While it may be true that reporting the fact about Trump- good and bad- might derail the prevailing argument that Democrats are morally obligated to topple Trump for the sake of humanity.

But the idea that Democrats are morally obligated to defeat Trump for the sake of humanity is a feeble one, at best, anyway. Trump is a Republican- sort of- with policies no different than any other Republican president might have, if not quite a bit more progressive.

You didn’t see George W. Bush passing a criminal justice reform bill, after all. But you didn’t see Bill Clinton or Barack Obama passing one, either.

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President Donald J. Trump greets invited guests following the signing ceremony for the United States-Mexico-Canada Trade Agreement Wednesday, Jan. 29, 2020, in front of the South Portico of the White House. (Official White House Photo by Shealah Craighead)

The slippery slope of pure, unadulterated Trump hatred leads inevitably to the condemning of all Republicans as evil monsters and enemies of the republic. Conservatives should laugh themselves sick over this attitude.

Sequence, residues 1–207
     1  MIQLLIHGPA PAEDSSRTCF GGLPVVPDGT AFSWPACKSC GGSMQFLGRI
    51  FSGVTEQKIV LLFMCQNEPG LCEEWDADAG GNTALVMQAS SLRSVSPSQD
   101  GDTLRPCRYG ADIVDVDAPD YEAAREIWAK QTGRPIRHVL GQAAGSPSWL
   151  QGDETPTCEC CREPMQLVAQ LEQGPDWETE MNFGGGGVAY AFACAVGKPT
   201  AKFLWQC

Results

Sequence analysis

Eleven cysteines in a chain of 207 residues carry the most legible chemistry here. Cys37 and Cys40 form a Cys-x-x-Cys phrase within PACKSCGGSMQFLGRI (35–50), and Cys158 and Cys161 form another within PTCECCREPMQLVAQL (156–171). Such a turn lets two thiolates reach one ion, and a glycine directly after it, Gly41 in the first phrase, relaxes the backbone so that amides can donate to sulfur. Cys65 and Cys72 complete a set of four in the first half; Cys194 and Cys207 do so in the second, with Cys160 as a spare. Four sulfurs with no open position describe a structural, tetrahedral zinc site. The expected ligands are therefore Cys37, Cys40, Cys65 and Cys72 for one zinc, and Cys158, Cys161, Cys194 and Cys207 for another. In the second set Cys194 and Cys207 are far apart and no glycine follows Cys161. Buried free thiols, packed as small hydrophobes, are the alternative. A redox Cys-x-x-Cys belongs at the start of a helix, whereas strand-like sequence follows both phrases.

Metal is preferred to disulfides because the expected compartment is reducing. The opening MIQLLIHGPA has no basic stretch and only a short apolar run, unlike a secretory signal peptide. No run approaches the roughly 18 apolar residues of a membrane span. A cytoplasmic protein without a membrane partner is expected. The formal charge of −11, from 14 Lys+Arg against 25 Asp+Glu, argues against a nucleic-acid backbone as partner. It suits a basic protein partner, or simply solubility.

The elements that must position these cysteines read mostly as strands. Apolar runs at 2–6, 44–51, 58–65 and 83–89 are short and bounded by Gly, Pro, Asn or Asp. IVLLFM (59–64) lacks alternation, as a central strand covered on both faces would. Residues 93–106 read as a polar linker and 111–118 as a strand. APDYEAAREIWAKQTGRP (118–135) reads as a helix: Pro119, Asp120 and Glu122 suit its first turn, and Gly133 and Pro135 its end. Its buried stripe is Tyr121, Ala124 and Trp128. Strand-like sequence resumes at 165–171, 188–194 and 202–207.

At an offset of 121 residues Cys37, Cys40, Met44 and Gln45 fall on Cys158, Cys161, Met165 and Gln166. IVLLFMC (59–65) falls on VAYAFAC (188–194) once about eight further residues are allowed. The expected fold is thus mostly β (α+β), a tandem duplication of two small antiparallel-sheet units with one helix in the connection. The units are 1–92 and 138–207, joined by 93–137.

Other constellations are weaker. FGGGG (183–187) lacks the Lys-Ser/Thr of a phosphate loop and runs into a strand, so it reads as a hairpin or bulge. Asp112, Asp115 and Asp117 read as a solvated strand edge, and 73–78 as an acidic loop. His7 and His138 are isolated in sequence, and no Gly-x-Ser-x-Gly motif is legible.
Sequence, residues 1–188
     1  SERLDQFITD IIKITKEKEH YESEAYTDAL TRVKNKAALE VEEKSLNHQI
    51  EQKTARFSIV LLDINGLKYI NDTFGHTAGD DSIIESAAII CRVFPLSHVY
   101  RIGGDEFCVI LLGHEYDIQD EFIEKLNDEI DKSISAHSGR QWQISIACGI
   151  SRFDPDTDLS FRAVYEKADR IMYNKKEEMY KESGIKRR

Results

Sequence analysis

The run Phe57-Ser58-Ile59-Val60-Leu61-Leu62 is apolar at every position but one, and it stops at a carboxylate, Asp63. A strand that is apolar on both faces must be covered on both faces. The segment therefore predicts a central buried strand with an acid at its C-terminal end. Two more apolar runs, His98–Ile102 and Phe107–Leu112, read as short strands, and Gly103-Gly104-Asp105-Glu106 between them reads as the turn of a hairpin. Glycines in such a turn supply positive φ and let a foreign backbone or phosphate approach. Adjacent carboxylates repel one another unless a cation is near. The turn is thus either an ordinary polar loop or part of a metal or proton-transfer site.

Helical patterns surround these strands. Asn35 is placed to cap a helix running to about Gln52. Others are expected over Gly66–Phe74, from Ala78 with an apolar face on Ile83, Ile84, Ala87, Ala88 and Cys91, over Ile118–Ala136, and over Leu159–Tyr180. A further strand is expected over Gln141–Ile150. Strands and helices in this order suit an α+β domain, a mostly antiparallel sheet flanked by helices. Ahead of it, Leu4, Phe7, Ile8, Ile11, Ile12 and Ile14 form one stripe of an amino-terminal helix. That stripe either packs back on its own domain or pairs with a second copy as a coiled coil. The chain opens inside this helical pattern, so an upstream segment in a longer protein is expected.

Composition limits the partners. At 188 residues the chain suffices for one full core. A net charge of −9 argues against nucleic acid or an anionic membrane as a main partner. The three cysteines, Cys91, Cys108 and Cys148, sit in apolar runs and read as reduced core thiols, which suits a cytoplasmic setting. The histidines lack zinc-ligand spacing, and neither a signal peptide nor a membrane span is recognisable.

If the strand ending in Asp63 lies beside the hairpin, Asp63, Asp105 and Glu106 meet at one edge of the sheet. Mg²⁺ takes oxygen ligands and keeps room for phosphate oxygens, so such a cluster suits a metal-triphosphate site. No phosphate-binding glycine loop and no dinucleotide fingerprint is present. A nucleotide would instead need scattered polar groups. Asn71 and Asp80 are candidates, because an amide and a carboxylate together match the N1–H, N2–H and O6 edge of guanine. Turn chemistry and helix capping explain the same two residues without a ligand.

Because it is literally the worst possible attitude in a Democracy where you need bipartisanship to get anything done. It’s the political equivalent of shooting yourself in the foot.

It is for this reason that it takes so long to get anything done; getting the two sides to a compromise has helped the U.S. far more often than it has hurt us.

The proof that, as they say, is in the pudding.

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President Donald J. Trump, joined by Vice President Mike Pence and U.S. Trade Representative Robert Lighthizer, delivers remarks at the signing ceremony for the United States-Mexico-Canada Trade Agreement Wednesday, Jan. 29, 2020, in front of the South Portico of the White House. (Official White House Photo by D. Myles Cullen)

(contributing writer, Brooke Bell)